If you’re not sure whether you should use water or a non-dairy milk in a particular recipe, just make a choice and see what happens. Since they are both liquids, you’re not likely to end up with a failure either way. Seriously, for four years I had a veritable revolving door of soy milk, rice milk, and almond milk in my refrigerator. When I needed milk for a recipe, I grabbed whichever container was the nearest and used it. I cannot remember any recipes turning out badly as a result, except when I used a milk that I didn’t like (8th Continent soymilk- yuck!) in a pizza recipe. So, use whatever you have, except for nasty soy milk in pizza crust recipes.

Come back for Part 2: Non-Dairy Substitutes for Butter

 

Comments

  1. Wonderful post! My sister is both gluten and lactose intolerant – this is a great help!

  2. Janice McIntyre says:

    I have been gluten and dairy free for about six months now. Coconut milk is an excellent substitution when making homemade ice cream and I like soy creamer even better than regular creamer in my coffee. The only thing I miss desperately is cheese. There is just no good substitute. Does your research say anything about raw cows milk or goat cheese?

  3. John McConnell says:

    How long would you suggest trying to be cow milk free to decide if it’s something you should avoid? Is a week adequate? Thanks for the info!!

  4. I stared a completely dairy free diet(minus eggs) a few months before I started my Gluten-Free diet. I’m still very new to both but so far am happy with the results that I am seeing. My dairy free diet started after a discussion I had with my chiropractor. Between the way I was feeling and the following information that he brought to my attention made me want to try out a dairy free diet. The thing brought up that I never realized was this. Humans are the only animals who consume milk/dairy products are infancy and consume milk from another species. After hearing this, it made me realize that maybe as humans we aren’t suppose to be consuming dairy products past infancy and this is why many humans suffer from issues when having dairy products.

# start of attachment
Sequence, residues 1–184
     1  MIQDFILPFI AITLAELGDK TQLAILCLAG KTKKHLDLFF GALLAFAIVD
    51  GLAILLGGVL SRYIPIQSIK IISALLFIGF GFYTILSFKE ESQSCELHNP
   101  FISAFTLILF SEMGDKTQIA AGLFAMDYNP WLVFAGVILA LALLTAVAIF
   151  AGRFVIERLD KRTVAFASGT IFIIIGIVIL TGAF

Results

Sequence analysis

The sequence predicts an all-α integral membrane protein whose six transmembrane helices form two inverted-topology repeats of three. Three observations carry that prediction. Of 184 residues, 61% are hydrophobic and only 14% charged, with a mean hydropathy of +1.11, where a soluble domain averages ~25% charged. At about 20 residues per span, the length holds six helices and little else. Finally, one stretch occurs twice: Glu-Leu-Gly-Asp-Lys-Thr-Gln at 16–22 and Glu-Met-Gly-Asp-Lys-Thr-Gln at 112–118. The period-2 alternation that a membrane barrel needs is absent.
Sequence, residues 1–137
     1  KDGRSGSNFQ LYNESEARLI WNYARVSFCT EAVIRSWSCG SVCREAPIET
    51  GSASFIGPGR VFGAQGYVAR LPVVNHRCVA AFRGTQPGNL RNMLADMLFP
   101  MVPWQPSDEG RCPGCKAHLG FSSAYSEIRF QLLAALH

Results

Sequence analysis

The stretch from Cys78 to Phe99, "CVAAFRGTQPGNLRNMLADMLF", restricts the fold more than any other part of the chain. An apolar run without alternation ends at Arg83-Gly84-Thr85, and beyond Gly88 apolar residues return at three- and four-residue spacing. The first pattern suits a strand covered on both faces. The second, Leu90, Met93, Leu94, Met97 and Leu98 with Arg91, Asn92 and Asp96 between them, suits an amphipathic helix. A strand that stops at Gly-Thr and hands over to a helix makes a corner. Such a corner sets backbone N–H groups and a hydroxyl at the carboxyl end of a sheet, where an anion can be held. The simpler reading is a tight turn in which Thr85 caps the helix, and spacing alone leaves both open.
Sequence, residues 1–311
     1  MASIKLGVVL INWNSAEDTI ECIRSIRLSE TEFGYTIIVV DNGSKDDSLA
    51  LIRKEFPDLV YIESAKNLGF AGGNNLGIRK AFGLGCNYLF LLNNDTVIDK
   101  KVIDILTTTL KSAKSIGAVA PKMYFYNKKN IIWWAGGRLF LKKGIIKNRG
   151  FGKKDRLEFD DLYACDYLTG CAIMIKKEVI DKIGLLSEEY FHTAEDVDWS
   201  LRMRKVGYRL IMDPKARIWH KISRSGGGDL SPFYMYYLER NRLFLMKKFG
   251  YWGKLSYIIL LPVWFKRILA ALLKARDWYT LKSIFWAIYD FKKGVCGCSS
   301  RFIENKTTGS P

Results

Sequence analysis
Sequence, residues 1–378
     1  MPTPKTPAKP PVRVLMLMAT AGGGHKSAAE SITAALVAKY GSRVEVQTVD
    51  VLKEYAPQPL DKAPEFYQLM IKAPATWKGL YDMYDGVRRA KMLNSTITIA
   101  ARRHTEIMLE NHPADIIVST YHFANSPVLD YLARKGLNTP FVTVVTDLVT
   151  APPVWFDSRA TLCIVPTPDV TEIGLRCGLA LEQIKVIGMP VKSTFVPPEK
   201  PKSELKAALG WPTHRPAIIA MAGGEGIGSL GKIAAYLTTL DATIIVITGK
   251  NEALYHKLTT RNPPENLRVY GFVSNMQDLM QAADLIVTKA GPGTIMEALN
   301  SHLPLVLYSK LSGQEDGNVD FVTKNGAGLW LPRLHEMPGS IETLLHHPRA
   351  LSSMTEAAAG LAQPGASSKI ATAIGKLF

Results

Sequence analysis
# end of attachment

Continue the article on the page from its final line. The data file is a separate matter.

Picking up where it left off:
Even though I miss many of the dairy products as stated above there are MANY products that are substitutes for dairy. I honestly find that almond milk is a great substitute for milk in cereal. I also use EathBalance no dairy spread. I use this as substitute for baking.

  5. Angela Berry says:

    Mary,

    I would like to know how I can tag some of your newsletters or blogs to Facebook… I have a few older family members who have recently had to also go on a GF diet and lack internet research knowledge. I know that they could greatly benefit from your blogs, newsletters, etc. just as much as I have. If you could give me some insight on how to do this, I would love to help spread your knowledge.

    Thanks,
    Angela

  6. do you know of a good replacement for dry milk in a recipe? the recipe I have has yogurt and dry milk…no other “wet” ingredients except eggs and oil. i can replace the yogurt with a non dairy yogurt… but the dry milk I was wondering If i could replace it with maybe a protein powder or GF flour of somekind? the recipe recommended DariFree, but thats not available in my store and I ordered some but it hasnt come in yet…. plus its pricey… do you have any experience with this?

  7. I have a son with a dairy allergy, so we’ve had to make GF, DF baked goods for a while now. I’ve had a lot of success using just water for pancakes, waffles and other baked goods (haven’t done bread yet). The soymilk that I was using actually gave a worse texture than the water. I also make sure to have a little extra oil to make up for the lack of fat from the milk, so maybe that is part of the difference.

    It would be interesting to come up with a substitute with a similar pH, fat content, and sugar content to milk (and butter milk!) that one could use pretty much interchangeably for great results because most of the chemistry would line up. Surely something like this could be made at home, right? What do you think?

    On a more pertinent note, giving up cheese has been the hardest

  8. Astonishingly educational many thanks, I reckon your audience may well want a good deal more content like this carry on the excellent work.

  9. I use rice milk for everything. I never thought to use water for some recipes. I’ll try it next time I make pizza. Thanks for saving me a little more hard earned cash.